E merging adulthood is an evolving idea that looks at a growing body of evidence which studies the life stage that bridges the gap between adolescents and adulthood. Much of the recent data reveals the age that traditional adult roles such as finding a partner, acquiring full time work, having children and buying a home are being delayed (Marantz Henig 2010). The reasons for this growing separation are many and cannot be simplified, but what is clear is the emerging adult is left with an unchained gap in time where roles and attachments of teens years (family, school, mentors, clubs, sports, church) are being left behind and adult roles and attachments are viewed as something to be dealt with when the time and circumstance are right for the individual.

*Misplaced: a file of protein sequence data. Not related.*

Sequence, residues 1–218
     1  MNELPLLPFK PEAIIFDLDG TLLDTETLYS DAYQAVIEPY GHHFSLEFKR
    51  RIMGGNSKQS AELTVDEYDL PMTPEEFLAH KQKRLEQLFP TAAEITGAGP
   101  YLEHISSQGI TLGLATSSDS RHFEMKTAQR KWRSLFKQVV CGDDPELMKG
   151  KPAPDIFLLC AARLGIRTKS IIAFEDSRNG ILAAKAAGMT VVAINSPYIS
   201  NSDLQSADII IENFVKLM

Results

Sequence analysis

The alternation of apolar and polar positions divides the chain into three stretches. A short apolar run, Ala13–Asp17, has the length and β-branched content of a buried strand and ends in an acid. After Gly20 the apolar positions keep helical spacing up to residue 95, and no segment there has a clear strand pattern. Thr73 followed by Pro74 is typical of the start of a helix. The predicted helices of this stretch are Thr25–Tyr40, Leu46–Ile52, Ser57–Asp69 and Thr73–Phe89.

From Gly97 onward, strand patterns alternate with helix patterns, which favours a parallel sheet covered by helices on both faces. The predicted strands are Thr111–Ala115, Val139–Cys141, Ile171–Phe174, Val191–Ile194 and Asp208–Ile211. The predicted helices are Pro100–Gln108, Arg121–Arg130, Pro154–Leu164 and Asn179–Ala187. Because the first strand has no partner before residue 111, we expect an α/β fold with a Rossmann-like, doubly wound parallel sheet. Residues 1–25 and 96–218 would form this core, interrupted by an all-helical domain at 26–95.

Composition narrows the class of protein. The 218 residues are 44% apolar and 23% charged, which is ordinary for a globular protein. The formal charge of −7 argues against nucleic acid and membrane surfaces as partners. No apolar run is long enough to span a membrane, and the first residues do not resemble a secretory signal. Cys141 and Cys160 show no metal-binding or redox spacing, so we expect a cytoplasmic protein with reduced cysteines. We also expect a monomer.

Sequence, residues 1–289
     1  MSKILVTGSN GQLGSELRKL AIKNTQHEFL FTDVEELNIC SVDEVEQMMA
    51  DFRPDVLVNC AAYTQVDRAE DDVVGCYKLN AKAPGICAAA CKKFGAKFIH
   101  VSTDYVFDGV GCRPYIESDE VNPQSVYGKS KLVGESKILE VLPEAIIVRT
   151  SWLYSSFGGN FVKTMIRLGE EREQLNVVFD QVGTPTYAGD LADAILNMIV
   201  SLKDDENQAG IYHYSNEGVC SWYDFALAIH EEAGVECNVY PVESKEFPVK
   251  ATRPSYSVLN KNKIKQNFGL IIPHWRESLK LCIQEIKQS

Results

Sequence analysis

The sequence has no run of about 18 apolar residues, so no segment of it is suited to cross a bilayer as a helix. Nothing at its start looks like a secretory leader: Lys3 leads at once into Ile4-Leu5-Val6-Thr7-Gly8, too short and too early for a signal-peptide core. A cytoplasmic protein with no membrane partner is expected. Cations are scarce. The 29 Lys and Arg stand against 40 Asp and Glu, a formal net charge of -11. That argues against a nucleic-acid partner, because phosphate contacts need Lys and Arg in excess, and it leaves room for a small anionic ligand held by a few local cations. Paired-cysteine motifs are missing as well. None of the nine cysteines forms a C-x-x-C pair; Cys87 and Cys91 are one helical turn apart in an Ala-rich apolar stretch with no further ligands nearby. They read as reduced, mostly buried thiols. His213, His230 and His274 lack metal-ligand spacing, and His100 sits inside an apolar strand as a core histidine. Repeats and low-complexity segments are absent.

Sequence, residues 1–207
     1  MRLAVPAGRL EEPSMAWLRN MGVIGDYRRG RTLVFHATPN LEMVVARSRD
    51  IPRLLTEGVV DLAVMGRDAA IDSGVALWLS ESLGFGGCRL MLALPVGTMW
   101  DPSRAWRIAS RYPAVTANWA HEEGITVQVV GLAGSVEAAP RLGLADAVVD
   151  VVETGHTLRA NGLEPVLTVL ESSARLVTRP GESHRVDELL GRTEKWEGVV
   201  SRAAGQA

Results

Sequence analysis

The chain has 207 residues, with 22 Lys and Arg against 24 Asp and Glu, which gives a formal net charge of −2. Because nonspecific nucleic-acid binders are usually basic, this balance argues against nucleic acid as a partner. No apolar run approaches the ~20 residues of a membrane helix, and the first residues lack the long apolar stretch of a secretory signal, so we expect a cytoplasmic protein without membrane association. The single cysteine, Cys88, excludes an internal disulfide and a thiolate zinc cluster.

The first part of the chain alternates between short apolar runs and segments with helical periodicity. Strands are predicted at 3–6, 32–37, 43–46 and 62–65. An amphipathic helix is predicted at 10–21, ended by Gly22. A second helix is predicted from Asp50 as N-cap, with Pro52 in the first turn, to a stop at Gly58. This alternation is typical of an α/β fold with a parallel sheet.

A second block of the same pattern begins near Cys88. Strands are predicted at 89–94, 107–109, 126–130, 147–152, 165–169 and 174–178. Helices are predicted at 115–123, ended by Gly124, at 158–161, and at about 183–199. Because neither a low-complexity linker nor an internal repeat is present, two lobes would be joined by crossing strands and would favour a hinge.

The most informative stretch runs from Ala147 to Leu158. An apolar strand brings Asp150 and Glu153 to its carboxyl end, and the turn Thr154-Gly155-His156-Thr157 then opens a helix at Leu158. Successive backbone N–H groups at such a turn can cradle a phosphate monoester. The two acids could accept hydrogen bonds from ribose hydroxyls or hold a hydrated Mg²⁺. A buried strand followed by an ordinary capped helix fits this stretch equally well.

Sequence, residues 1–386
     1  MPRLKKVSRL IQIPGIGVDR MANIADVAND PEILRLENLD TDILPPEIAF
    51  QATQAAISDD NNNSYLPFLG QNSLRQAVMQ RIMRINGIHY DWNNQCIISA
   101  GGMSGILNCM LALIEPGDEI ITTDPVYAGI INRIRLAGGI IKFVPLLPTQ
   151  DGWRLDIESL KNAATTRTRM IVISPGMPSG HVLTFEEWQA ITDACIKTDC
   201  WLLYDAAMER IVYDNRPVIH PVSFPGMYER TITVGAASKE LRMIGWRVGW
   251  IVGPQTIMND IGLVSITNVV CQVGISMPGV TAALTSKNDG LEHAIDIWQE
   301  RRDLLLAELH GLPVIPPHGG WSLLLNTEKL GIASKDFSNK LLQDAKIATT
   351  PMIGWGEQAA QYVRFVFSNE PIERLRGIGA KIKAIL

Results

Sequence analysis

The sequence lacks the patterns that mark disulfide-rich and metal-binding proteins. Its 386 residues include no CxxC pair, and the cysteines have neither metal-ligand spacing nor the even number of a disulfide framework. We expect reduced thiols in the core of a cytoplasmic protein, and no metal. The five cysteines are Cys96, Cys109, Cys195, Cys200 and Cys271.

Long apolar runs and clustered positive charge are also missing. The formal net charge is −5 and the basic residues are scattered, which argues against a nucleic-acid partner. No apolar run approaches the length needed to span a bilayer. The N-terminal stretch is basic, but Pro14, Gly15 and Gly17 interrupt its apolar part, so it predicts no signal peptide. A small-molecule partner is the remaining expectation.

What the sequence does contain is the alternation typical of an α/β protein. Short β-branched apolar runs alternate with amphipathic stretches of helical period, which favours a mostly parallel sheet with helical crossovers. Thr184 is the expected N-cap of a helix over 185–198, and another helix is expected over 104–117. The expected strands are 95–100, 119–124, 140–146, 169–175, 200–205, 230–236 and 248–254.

E ighty-six percent of emerging adults state that this period of life is a time of fun and excitement (Arnett 2007). With all of the possibilities, freedom, and support (money thanks to parents) to explore their identity and create the story they believe fits, it is easy to understand why. Arnett found the same sample of 1,000 young adults were stressed (72%) and a majority (58%) thought that adulthood would be more fun than their current life (Beck 2012). This period of mixed messages is a time where mental and physical wellbeing can be extremely volatile and substance abuse, risky sexual behavior, and trauma (car accident, suicide) are most common. If we pile on the additional pressures of year round sport and training for student athletes, you start to see a picture of why the period of the emerging adult and their developing narrative identity can seem as confusing to the athlete and their coach as it did for the character Jim from the story above.